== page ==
JAXA/NASA
JAXA/NASA

The New ISS Mascot: This Incredibly Cute Camera Drone

JAXA/NASA
JAXA/NASA

There's a new resident of the International Space Station, and it's definitely the cutest one there. The JEM Internal Ball Camera, or Int-Ball, is a spherical autonomous drone designed to act as the space station's roving photographer. The Japanese space agency JAXA released the first pictures of it on the station on July 14, as Engadget reports.

Int-Ball was delivered to Japan's Kibo module on ISS as part of a payload launched on June 4. It records both video and photos while moving through the microgravity of the space station. More importantly, it can both work autonomously or be controlled from Earth. The imagery can be seen in close to real-time on the Earth, so ground control can see what's happening on the station from the astronauts' point of view, offering guidance and help should anything go wrong.

The 3D-printed ball, which measures just 6 inches in diameter, has two "eyes" surrounding its camera so the astronauts can tell exactly what it's recording. (Not to mention adding to its cuteness factor.) It's propelled by 12 fans and navigates through the station using special pink targets mounted to walls and doors as reference points.

Astronauts spend about 10 percent of their workday photographing what's happening on the ISS, according to JAXA, but the drone camera could significantly reduce that time. The goal is to eliminate the task from astronauts' job descriptions entirely. Instead of documenting their work themselves, astronauts could focus on their research while the Int-Ball does the documenting for them.

[h/t Engadget]

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ESA/ATG
The European Space Agency Needs Help Naming Its New Mars Rover
ESA/ATG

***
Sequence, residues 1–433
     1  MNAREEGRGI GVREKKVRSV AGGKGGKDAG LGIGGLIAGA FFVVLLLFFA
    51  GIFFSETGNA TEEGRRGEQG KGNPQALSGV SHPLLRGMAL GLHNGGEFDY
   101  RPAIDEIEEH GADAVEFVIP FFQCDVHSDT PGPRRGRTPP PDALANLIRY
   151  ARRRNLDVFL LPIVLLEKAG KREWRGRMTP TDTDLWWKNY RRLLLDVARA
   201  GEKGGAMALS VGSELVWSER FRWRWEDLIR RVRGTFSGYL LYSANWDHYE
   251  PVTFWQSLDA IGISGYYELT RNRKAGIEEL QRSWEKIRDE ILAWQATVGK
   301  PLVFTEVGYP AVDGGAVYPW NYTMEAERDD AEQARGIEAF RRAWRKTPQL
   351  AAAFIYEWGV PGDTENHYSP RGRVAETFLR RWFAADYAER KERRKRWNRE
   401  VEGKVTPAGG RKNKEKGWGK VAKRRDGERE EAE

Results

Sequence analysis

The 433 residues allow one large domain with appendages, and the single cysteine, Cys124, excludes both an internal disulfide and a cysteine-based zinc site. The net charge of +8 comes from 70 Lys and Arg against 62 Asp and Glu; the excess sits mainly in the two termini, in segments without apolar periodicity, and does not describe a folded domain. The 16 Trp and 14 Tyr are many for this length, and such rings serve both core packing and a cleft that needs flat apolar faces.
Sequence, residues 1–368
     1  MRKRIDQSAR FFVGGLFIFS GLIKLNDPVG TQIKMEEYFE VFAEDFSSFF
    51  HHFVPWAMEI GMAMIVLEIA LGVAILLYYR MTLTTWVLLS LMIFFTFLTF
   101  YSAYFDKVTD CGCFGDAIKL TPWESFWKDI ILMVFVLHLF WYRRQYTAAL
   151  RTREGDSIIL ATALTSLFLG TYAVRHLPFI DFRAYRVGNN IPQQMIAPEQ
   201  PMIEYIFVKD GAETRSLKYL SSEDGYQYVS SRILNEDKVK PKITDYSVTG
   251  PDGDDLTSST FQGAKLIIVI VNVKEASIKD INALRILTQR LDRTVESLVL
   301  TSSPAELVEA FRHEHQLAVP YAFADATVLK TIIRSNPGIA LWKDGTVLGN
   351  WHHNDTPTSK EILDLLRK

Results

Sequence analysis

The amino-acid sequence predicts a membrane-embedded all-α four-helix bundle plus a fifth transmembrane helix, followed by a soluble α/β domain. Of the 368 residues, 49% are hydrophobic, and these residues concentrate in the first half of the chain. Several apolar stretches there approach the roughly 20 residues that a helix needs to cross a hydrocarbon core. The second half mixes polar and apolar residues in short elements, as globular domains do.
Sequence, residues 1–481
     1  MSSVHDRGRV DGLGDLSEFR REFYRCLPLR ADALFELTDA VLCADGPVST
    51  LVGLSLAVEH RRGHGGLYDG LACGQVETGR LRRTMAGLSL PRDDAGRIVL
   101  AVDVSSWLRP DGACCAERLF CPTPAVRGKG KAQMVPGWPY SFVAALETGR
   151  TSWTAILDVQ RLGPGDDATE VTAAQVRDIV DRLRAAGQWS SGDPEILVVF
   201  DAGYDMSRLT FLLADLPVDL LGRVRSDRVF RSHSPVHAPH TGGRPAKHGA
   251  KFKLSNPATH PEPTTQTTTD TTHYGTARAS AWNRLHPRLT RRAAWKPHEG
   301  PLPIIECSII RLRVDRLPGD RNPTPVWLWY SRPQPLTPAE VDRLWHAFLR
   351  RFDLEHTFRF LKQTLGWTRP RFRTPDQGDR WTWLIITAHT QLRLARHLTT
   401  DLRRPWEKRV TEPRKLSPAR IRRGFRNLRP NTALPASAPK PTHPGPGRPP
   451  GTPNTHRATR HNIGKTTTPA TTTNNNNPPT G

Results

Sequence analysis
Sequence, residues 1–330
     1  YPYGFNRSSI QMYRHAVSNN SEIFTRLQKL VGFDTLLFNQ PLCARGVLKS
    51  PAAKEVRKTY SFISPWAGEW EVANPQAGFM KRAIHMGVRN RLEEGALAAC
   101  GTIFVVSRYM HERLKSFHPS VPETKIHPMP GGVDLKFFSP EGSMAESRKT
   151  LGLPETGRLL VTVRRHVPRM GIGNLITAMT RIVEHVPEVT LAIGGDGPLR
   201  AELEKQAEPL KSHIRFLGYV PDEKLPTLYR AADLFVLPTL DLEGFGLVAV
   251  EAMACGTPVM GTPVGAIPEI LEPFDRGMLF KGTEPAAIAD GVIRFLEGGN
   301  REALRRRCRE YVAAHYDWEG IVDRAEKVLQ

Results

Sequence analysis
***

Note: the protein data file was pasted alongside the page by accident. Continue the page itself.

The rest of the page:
ESA/ATG

The European Space Agency is hosting a competition to find a snazzy new name for its ExoMars rover, Sky News reports. The rover will be deployed to Mars in 2020, so the winner would be playing a small role in the progress of space exploration.

At the contest's launch, British astronaut Tim Peake described Mars as a place where humans and robots will someday work together to search for evidence of life in our solar system. To this end, the ExoMars rover, which will land on Mars in 2021, will drill up to two meters into the planet’s soil and collect samples, the ESA notes. "The ExoMars rover is a vital part of this journey of exploration, and we're asking you to become part of this exciting mission and name the rover that will scout the Martian surface,” Peake said.

However, the agency is well aware of past public naming contests that have gone horribly wrong (we’re looking at you, Boaty McBoatface), so it’s rigged the rules to prevent such a spectacle. Instead of a public poll, suggestions will be submitted privately to the agency, which has created a panel of judges to choose the winning name.

The winner of the contest will also receive a trip to Stevenage, England, where they’ll get to see the Airbus facility where the rover is being pieced together. The contest is only open to citizens of the two dozen European countries that are partners in the ESA.

To enter, submit your name suggestion online before October 10, 2018, along with a brief explanation (under 150 words) of why your name should be chosen. Click the following PDF link to see the full terms and conditions [PDF].

[h/t Sky News]

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NASA, Getty Images
Watch Apollo 11 Launch
Vice President Spiro Agnew and former President Lyndon Johnson view the liftoff of Apollo 11
Vice President Spiro Agnew and former President Lyndon Johnson view the liftoff of Apollo 11
NASA, Getty Images

Apollo 11 launched on July 16, 1969, on its way to the moon. In the video below, Mark Gray shows slow-motion footage of the launch (a Saturn V rocket) and explains in glorious detail what's going on from a technical perspective—the launch is very complex, and lots of stuff has to happen just right in order to get a safe launch. The video is mesmerizing, the narration is informative. Prepare to geek out about rockets! (Did you know the hold-down arms actually catch on fire after the rocket lifts off?)

Apollo 11 Saturn V Launch (HD) Camera E-8 from Spacecraft Films on Vimeo.

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